I found lots of letters from the 19th century where women would refer to men as the grosser sex -- and this is totally unlike the past. There was a sense of, “I have so much more in common with other women, how will I make this transition to this guy who I need but don’t understand at all?” I suspect that honeymoons arose -- totally unlike we think of them today, as getting away from your friends and family to focus on your own sexual intimacy -- it was like, “Let’s slow down this traumatic transition.”
How has the meaning of the honeymoon changed over time?
In the early 20th century, people began to see the downsides of the division of labor and the rigid sexual distinction between nurturing females, sexless females, virtuous females, and then males being all the opposite of that. There began to be a real emphasis on sexual adjustment, on getting mutual sexual pleasure. In the early emerging profession of marriage counseling, people began urging the man and the woman to go [on vacation] together, to make time and effort for this.
This is not something men thought of much before the 20th century. In fact, when the first marriage advice book came out for men by Marie Stopes, she got letters from men saying, “Thank you so much, I would never have initiated foreplay with my wife for fear she would think I was treating her like a mistress.” So this sexual tension and estrangement, which I talk about as a sort of coping mechanism in the early draft of the love-based marriage, began to be a real problem. I think some of the emphasis on the honeymoon came as a result of people saying, “You have to learn to get physically satisfied with each other.”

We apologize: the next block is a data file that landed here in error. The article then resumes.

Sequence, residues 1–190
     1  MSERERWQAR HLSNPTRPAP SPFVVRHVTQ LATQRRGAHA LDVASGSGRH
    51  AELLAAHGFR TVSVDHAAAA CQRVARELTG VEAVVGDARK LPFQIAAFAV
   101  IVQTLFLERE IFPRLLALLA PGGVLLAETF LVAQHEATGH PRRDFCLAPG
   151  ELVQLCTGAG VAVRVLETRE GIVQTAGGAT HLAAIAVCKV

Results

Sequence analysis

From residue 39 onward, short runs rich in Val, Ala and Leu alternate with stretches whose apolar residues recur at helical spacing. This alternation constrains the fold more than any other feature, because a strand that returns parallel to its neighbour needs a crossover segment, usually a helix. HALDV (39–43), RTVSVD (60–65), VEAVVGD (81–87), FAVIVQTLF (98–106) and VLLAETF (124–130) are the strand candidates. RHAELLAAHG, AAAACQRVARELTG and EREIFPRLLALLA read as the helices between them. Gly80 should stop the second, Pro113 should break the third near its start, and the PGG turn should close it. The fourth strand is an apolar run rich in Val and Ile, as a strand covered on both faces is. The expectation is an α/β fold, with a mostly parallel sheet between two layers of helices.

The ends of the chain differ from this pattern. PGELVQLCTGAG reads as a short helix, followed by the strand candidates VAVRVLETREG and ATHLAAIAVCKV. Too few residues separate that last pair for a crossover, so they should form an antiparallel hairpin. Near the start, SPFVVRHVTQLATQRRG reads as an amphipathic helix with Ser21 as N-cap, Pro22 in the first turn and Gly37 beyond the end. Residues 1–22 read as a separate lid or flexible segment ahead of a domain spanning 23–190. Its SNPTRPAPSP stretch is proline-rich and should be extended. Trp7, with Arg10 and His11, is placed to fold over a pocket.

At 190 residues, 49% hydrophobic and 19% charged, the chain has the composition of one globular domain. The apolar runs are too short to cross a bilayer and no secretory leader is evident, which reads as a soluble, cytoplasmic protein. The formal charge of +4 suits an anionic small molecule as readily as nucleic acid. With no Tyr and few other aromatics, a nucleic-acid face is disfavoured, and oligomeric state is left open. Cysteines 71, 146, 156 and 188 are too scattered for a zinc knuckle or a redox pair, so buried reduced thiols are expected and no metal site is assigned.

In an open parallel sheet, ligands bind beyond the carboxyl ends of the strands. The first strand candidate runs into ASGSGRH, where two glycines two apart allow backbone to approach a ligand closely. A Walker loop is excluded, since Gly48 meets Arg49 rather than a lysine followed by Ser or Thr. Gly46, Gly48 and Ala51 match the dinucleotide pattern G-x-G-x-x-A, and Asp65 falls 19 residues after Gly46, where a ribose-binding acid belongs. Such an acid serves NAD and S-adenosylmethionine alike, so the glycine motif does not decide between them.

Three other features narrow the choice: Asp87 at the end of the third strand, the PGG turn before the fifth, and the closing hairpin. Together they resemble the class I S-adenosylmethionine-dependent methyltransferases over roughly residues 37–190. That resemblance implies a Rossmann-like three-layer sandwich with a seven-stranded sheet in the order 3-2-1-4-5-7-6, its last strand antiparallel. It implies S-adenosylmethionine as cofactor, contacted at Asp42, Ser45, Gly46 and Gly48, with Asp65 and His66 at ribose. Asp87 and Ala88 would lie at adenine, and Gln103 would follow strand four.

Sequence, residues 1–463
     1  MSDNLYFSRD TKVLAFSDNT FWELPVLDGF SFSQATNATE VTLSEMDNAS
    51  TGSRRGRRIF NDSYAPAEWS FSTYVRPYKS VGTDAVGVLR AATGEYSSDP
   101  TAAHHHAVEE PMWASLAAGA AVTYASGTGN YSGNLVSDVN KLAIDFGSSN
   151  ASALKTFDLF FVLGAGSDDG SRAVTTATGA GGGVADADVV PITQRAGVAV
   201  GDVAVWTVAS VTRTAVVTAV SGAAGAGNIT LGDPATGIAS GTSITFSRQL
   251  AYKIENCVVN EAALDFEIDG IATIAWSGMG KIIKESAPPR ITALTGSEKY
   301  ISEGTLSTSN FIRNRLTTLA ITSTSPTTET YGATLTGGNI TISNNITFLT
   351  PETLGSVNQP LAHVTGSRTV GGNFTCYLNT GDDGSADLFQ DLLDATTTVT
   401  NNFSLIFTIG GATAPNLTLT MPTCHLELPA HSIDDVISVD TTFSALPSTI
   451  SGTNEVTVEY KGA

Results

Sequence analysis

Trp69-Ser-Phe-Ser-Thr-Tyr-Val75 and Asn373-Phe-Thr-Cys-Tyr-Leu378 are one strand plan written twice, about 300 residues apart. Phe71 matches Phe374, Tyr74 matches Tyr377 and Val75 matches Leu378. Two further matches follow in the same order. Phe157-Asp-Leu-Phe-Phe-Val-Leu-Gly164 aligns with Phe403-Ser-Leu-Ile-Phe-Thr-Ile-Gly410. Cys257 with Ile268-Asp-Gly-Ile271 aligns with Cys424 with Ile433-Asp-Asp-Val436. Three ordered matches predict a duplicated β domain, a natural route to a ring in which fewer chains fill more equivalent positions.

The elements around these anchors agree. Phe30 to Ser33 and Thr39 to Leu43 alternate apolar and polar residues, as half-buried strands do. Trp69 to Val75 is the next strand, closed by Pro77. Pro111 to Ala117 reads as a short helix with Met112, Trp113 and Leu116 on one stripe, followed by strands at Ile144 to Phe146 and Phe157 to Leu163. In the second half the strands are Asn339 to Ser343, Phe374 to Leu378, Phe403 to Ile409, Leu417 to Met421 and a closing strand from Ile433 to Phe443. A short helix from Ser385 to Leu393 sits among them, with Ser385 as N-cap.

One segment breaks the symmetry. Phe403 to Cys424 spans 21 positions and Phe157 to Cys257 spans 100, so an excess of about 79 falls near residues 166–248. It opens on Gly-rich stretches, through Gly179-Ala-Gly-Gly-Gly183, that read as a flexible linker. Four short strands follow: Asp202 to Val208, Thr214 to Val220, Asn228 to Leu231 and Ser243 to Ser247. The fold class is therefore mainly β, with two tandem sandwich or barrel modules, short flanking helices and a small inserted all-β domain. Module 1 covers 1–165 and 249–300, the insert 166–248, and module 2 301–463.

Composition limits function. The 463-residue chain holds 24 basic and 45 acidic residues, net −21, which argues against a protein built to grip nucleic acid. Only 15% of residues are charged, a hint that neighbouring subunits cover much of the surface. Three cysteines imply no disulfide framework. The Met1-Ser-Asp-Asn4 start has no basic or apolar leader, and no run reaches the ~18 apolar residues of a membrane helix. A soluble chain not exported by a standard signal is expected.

This, of course, was also completely jumped upon by the emerging resort and vacation industry. Until the 1940s and ’50s, honeymoons and other vacations were usually something that you drove to rather than flew to. Since the 1960s, the new wrinkle has been issued by the travel agency, the airline. You see a lot of these destination weddings where you fly all your guests to the place that you’re going to honeymoon in and then you send them home.
So many couples that marry today have already had sex, they often already live together.
I think sex really just doesn’t play the same role anymore at all. I’ve interviewed women who married as late as the ’50s and ’60s for whom the honeymoon was extremely traumatic. It was the first time they had sex. Now it’s really not going to be traumatic for most women and men. I know a lot of people who go back to work after the wedding. It’s a short wedding, but a really expensive one, and they go back to work. The honeymoon has just become an excuse for a vacation at this point.
And it’s an excuse to get a discount from a hotel. Everyone advises that when you’re booking you mention that you’re on your honeymoon so that you get special treatment.
And you get it. We’re all sentimental about people embarking on a new life together.
What I’ve seen in several wedding invitations is, “Don’t give us a gift but contribute to our honeymoon.” I have been surprised by how often I’ve seen that in the past five years. Yes, it’s just a vacation, but it’s one that gives you an excuse to ask people to help you pay for it and treat you better during it.